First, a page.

How is reaction time/reflexes affected by inertia?
That would probably depend upon how you define 'reaction time'. It has no effect upon the neural impulses necessary to initiate a reaction. There will, however, be an increased delay in the physical action resultant of that as the mass/inertia exceeds the speed/power of the muscular response. (ie: if you're arm weighs a lot, or you're holding something like a baseball glove, the reaction would be slower than if you exerted the same muscle effort with less mass.)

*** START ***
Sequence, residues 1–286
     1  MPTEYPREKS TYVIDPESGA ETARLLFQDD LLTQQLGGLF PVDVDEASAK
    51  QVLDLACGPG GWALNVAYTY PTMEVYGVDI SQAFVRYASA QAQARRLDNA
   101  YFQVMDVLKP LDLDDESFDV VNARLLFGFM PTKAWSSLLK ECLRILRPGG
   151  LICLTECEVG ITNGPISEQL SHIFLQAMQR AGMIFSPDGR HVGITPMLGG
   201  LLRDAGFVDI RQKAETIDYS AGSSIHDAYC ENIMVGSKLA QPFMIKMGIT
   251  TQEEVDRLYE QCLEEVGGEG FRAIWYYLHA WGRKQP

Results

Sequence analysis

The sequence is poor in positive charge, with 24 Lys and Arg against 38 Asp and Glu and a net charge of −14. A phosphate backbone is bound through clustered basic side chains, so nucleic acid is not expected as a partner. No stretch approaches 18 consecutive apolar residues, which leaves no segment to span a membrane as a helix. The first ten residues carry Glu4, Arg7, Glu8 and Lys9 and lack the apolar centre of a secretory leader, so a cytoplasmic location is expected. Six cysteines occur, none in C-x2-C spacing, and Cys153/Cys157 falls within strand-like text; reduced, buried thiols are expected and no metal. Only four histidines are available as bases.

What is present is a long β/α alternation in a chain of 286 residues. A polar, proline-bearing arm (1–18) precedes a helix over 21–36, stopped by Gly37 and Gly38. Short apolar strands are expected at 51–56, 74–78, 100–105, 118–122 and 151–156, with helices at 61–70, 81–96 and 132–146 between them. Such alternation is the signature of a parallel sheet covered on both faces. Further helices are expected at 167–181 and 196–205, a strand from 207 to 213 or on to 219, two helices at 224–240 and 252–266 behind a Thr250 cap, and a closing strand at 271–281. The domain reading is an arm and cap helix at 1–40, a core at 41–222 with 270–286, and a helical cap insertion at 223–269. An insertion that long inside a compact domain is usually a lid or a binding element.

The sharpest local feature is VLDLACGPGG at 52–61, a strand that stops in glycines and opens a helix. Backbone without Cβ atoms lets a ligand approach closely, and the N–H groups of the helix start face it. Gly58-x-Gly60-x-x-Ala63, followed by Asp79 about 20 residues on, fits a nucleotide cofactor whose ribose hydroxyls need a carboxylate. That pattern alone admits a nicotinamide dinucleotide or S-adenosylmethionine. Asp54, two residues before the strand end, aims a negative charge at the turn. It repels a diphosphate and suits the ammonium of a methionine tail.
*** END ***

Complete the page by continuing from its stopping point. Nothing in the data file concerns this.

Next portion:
On a molecular level, the inertia of the ions that travel across the synapses, and the rotational inertia on the membrane macromolecule radicals which propagate the "action potential",
(along with the resistive force of the ions drifting, essentially Pressure x Area)
determine the speed of the signal along the chain of neurons.
But those are constant, aren't they? I thought that the question related to changing the mass/inertia and noting the effect.
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